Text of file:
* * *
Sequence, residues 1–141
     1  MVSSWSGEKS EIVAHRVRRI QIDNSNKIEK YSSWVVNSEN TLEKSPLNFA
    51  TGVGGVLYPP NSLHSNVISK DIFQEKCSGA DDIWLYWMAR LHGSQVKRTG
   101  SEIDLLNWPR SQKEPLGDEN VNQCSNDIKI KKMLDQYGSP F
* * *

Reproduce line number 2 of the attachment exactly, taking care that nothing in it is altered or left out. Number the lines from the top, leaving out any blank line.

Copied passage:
     1  MVSSWSGEKS EIVAHRVRRI QIDNSNKIEK YSSWVVNSEN TLEKSPLNFA